The very first Doctor Who director, Waris Hussein, has claimed that the show can help cure loneliness.
In a special panel discussion by Doctor Who: The Fan Show about the LGBTQ community and their connection to the show, Hussein was joined by actress Bethany Black, from Doctor Who television story Sleep No More, and Doctor Who Magazine’s Benjamin Cook, to mark the 50th anniversary of the partial decriminalization of homosexuality.
During the discussion, Hussein explained:
“The thing about Doctor Who is because he’s able to transport you into all sorts of worlds that you have no identification with, I think it has a lot to do with solving people’s loneliness.
“And the fact that he encounters other people who are equally lost or finding themselves. His companions are the ones who are more grounded in where they come from.”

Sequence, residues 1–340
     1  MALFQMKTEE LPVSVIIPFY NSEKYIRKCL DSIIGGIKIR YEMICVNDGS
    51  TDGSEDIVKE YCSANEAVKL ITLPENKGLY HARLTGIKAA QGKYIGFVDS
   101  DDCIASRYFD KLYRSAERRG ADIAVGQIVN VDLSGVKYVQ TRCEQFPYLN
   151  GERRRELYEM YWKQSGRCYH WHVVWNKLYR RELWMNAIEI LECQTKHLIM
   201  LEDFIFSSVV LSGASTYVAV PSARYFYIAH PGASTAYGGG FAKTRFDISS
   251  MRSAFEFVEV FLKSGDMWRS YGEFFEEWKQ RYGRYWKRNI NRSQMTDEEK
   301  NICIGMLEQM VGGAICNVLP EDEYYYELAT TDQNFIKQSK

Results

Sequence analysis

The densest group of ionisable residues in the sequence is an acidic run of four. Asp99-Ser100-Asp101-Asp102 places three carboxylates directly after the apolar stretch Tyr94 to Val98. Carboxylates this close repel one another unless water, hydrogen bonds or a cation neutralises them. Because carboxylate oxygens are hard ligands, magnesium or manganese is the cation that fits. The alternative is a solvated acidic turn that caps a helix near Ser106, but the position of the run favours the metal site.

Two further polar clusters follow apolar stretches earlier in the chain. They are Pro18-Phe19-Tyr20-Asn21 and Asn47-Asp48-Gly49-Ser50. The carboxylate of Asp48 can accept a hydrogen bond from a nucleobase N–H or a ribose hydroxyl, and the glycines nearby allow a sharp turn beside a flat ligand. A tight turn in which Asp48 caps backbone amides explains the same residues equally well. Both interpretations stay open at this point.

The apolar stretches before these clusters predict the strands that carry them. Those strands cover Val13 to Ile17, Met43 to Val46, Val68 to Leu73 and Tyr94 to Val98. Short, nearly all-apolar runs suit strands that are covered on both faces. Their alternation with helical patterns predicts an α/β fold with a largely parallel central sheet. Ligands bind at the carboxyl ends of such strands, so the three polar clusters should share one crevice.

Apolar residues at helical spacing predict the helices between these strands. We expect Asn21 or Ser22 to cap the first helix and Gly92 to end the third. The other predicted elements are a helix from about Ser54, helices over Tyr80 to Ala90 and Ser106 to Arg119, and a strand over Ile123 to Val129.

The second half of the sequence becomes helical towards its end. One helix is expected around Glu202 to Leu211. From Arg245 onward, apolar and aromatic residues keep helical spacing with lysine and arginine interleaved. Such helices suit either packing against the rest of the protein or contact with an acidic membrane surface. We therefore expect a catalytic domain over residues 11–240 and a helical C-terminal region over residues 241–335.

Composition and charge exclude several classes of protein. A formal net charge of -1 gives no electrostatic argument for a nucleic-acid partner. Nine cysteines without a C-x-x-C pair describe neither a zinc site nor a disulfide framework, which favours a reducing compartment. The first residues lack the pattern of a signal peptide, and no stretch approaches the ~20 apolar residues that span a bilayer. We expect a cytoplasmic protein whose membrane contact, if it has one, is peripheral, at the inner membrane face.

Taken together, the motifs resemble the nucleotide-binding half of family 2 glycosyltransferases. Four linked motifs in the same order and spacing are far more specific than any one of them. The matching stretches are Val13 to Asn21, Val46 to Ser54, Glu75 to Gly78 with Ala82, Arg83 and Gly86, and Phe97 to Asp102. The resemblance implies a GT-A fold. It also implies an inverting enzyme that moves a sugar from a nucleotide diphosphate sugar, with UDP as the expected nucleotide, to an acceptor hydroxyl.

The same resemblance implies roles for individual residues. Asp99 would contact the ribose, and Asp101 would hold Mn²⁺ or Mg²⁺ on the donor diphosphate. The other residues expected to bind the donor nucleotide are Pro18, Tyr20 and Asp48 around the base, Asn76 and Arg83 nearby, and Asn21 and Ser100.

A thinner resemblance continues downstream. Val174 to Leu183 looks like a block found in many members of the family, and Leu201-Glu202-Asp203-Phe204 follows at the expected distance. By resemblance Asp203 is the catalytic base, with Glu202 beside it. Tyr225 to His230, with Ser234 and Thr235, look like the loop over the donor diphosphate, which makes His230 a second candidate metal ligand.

Fully embracing diversity wasn’t an option for Hussein, who cut his teeth directing the very first Doctor Who serial, An Unearthly Child, while working on the show in the 60’s – instead, he found other ways to sneak in subversive elements that were open to interpretation.
“Regarding Doctor Who of course, first of all it was an adventure story… However, there were certain characters that perhaps could have been interpreted in some subversive way.
“The director went on to describe an early character called Tegana, who ‘being clad in black leather with his head all pulled back and shiny and greased down… [was] the sort of figure that in the gay mind might be a certain kind of fantasy figure.”
You can catch the full discussion in the video below.